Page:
Oh, please. The question is why would these white working class voters who are now casting ballots for Hillary Clinton turn around and ignore someone who on policy and program is 95% the same as Clinton in order to vote for someone who is not. What is the factor that is so much more important, the factor that outweighs political compatibility? What do Hillary Clinton and John McCain have in common that differentiates them from Barack Obama in such a way that a Clinton supporter becomes more likely to vote for McCain than for Obama? Somerby's answer that "well, you know, sometimes they vote Democratic, sometimes they vote Republican, it's just, you know, the way it happens" is unworthy even of the "third-graders" he invokes. In fact, when you recall that so-called "Reagan Democrats" were built into a political demographic by playing on fears of (black) crime and resentment over (black) "welfare," Somerby's I will stretch the word enough to call it logic doesn't get out of kindergarten.

(It's important to note at this point that Somerby's defense would likely be - he hints at it in his column - that he's not talking about what Clinton said, he's talking about Robinson's "sense of entitlement." But the plain fact is, by raising the argument about "Reagan Democrats," Somerby was attempting to refute one of Robinson's central contentions about Clinton's statement. So he did indeed argue about what Clinton said and that "defense" is utterly unavailing.)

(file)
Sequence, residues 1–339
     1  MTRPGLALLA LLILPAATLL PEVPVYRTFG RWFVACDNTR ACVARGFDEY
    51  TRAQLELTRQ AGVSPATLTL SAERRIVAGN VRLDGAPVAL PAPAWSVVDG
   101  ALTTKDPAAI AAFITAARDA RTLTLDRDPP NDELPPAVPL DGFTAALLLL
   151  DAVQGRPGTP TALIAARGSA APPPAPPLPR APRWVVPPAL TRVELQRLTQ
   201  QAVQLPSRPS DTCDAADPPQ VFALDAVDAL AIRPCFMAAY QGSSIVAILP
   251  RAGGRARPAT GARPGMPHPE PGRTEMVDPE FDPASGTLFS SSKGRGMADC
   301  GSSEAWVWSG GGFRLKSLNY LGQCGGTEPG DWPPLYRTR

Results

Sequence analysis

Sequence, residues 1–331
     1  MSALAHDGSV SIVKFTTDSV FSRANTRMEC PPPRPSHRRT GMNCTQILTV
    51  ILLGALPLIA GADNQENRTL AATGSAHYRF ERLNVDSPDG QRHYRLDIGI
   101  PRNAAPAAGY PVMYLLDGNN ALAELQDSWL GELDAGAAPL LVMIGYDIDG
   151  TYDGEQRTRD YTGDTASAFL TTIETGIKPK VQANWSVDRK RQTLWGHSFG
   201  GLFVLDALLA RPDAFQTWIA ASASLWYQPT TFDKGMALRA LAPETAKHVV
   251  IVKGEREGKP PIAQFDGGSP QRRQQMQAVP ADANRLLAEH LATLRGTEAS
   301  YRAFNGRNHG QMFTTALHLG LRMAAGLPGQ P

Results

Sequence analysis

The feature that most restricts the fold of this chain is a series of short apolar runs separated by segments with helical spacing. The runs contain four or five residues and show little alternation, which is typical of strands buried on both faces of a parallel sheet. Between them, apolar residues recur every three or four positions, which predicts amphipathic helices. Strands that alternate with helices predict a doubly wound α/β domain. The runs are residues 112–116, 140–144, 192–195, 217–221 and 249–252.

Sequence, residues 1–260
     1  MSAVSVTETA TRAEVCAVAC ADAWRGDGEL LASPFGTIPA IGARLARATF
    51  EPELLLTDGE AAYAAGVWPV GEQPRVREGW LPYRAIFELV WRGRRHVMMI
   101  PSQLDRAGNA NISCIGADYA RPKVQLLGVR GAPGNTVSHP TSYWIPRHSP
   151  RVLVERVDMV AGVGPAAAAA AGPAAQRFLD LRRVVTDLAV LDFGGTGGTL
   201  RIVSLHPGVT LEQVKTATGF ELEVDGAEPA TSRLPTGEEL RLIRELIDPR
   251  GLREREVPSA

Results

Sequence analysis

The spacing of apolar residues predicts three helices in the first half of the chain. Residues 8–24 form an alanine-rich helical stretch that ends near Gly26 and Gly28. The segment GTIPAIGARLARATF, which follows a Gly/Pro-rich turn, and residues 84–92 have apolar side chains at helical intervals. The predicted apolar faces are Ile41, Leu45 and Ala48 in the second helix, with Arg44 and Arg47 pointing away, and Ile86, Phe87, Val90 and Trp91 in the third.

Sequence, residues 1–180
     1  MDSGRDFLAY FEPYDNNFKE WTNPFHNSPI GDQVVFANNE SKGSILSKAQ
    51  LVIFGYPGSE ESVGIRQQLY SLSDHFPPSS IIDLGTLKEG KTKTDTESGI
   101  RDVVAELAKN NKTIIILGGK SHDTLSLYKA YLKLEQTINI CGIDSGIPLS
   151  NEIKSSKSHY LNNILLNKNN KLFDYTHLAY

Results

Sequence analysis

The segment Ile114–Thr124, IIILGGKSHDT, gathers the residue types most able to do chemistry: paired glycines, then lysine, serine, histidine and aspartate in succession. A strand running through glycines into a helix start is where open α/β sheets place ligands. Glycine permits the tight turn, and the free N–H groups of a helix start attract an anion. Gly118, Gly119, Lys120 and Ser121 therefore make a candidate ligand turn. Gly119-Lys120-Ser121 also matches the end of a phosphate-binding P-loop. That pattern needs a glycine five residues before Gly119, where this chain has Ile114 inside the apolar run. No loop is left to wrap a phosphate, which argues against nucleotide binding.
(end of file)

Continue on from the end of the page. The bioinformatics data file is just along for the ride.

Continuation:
Hillary Clinton was suggesting that white working-class voters are too racist to vote in sufficient numbers for Barack Obama. There is, again, no other rational understanding of her argument. And frankly, I didn't need Gene Robinson to tell me that and I sure as hell don't need Bob Somerby to still be so pissed about something Robinson apparently said about Somerby's (yes) personal friend Al Gore eight years ago that he becomes incapable of understanding the words right in front of his face.

Footnote: I don't believe Hillary Clinton is a racist. I believe rather that she is playing on worries about the very real racism in the US to portray herself as the stronger candidate in the general election. I'm not really concerned about if the tactic will be "divisive" among the Democrats - what I'm concerned about is that it provides an excuse to be racist: "It's okay to refuse to vote for Obama 'cause he's black. Go right ahead. We kind of expected it."

One other thing: Because I believe she is not a racist and because it was said off the cuff, I'm going to give Hillary Clinton a pass on something. But I have to say that the phrase "hardworking Americans, white Americans," as if the two were synonymous, clanged on my eyes like a hammer on an anvil. (Is that a mixed metaphor or just a lousy image?)

Updated with Another Footnote: Another valuable Somerby phrase is "The Cult of the Offhand Comment," where media types feel free to pounce on candidates (and others) for ad lib remarks, acting as if every word out of their mouths was carefully rehearsed and so could be analyzed like a policy speech. The days of pontificating about Barack Obama's use of the word "bitter" was one example, the buzz about Hillary Clinton's reference to "hardworking white Americans" - the precise phrase on which I gave her a pass - is another.